Why is Google doing it?  Why are they threatening their customers on some made up issue?  It is because they think they can get rich off of it. Fake names are not real customers, according to Google.  They want your information, so they can sell it to advertisers.  They are like those ugly naked creatures from Futurama: Bender’s Big Score, who profit off people’s gullability that Google is not evil.

Here is the bottom line.  I work in the tech industry, with lots and lots of fellow computer geeks who are always on the cutting edge of internet culture.  When Google released “exclusive” invitations to Plus, most of the company had invites within days.  Just two months later, and nobody at work is talking about Google Plus anymore.  I can’t find anyone who uses their account, and those of us who do not have accounts, don’t really want them. It is has been shunned as “uncool” by the techie masses.

Google Plus is another flash in the pan idea, from the makers of Google Wave, Google Buzz, Google Orkut, and Google Lively.  I’ll admit that Google Plus is built on superior technology and tools than Facebook, and that is what drove initial interest, but cool tech only goes so far.  Reputation is everything, and the quicker Google figures that out the quicker they will dump Google Plus, Google Profiles, and everything else associated with this marketing disaster.

Other Virtual Women

More random notes from around the metaverse…

The Vanity  Google

Ever heard the term “vanity google”?  It’s basically where you google your own name and any online monikers you may use, and it is actually a good idea to do every now and then, especially if you are being cyber bullied.  I tried googling myself (arianeb) and of course I get a lot of links to my website, as well as blogs dedicated to my dating game, and a growing number of walkthroughs.

It is not surprising to find out that I am not the only Ariane B on the planet.  I already knew about Ariane Blanc, a German Ariane B who owns the “Ariane” sim in Second Life. (If you are in the market for virtual furniture, check out her store), but there is also a French Canadian Ariane B.  I run arianeb.com, and I am arianeb on tumblr and wordpress (which you knew from reading this blog), but arianeb on twitter is a Montreal based singer/songwriter.   I’ve listened to some of the stuff she posted online and its pretty good.  I also found out there is a Facebook ArianeB page, which is about me, but I am not the one who created it. Whoever did, needs to update it, and as for the rest of you, I could always use a few more “likes”. 🙂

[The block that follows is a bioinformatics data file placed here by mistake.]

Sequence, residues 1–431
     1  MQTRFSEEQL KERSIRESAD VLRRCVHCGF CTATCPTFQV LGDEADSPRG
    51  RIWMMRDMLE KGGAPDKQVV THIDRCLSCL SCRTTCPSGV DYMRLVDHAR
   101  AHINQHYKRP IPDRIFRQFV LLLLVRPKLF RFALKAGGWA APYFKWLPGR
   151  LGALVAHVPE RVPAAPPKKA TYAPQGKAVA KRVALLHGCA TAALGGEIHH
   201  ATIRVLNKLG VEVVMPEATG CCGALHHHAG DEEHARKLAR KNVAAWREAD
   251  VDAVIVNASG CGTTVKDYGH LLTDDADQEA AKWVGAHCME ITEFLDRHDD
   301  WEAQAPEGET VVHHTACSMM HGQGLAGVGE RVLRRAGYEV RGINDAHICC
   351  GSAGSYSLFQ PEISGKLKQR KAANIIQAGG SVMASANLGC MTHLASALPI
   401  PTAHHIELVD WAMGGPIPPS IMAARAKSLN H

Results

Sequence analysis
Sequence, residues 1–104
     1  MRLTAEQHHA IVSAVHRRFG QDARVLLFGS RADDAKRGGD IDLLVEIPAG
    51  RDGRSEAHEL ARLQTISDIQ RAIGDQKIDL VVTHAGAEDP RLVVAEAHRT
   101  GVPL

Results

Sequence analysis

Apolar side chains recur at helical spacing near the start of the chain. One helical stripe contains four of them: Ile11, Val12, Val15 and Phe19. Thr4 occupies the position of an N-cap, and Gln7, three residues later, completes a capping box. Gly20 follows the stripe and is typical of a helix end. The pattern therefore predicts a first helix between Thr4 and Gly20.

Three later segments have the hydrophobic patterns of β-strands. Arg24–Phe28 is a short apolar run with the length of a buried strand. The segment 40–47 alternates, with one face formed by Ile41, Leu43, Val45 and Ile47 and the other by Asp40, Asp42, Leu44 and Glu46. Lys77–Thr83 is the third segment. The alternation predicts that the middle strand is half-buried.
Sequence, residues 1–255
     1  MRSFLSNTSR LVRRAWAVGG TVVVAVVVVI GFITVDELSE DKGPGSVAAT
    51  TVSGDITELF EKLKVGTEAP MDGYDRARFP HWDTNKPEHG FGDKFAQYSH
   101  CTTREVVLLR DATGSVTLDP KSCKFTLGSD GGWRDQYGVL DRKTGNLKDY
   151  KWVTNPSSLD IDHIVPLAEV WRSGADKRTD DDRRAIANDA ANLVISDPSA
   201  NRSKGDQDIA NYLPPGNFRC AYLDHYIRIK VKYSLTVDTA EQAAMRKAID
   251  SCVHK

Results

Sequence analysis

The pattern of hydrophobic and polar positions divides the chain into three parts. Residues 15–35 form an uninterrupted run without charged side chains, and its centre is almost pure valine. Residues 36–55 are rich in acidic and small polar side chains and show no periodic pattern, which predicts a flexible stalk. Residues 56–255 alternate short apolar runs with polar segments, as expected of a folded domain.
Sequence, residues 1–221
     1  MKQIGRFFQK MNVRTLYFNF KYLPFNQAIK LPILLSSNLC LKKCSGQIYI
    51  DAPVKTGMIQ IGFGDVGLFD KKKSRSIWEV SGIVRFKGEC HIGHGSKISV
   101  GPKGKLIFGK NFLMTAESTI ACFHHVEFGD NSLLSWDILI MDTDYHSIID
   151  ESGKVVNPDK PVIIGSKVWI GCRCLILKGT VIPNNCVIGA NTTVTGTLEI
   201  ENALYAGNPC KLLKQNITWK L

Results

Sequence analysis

Other Dating Sims

But the really cool thing I found while googling myself is that there are a growing number of dating sims similar to my own.  Ugo.com recently did a list of Virtual Girlfriends You Can Date of which I am number 5.  Its an entertaining list covering many kinds of virtual dating with virtual girls. Stay away from #4 (3D Girlz) I got a malware warning when I went there.   Another list that had me as an entry is a list of dating sims at playforceone.com (link NSFW due to ads), a list of 36 other dating sim games available online.  A couple I have tried before were not that good, but that still leaves 34 I have not tried.

One other dating sim appeared on both sites called Keely, a dating sim very similar to mine, in that it is written in HTML with a branching storyline, and uses a lot of Poser graphics based on Victoria 3.  I assume that the character is based on British model Keely Hazell.  I have not played too much with Keely, but it has a much more involved storyline, taking place over many days, like the Japanese dating sims do.  Also, you don’t have to arrow around the picture to find the choices, they are usually at the bottom of the page to choose from.  The thing I’m most jealous of is that Keely already has a sequel, and I still have a lot of work to go on my sequel.

The Virtual Popstar

And since we are on the topic of virtual women online, a recent story from Japan gave me a good chuckle.  Virtual pop stars are hot right now in Japan, the most famous one is Hatsune Miku, a manga styled character who’s singing voice is created artificially using a vocalizer, and does concerts using rear projection technology.

But there is a pop band in Japan called AKB48, and they are very popular (the top 10 chart for 2010 in Japan consisted of songs from only two bands AKB48 and Arashi).  It is a band consisting of a choir of cute young teenage Japanese girls, with new young girls being added as older ones leave.

One of the new girls this year was Aimi Eguchi, a 16 year old according to her bio.  She appeared on magazine covers and videos before it was revealed, she does not exist.  Aimi Eguchi was a composite of 6 other members of AKB48, to the shock of many. It was a silly publicity stunt, and the fun only lasted a few days before the secret was revealed, but the idea that fake can pass as real has generated a bit of buzz.

Reminds me of that under appreciated film S1m0ne from 2002.

Is The Sims Online returning too?

I have mentioned a few times that I got my start on the metaverse via The Sims Online, a 2.5 dimension virtual world first released in 2003.  I only lasted 6 months before moving on to There.  Well it looks like a new incarnation of TSO will soon be returning, this time called The Sims Social, and it will be a Facebook App.

All attempts to attach a 3D Virtual World to Facebook have resulted in failure due to incompatibility of purposes.  If any can succeed it would be The Sims, so it will be interesting to see how this goes.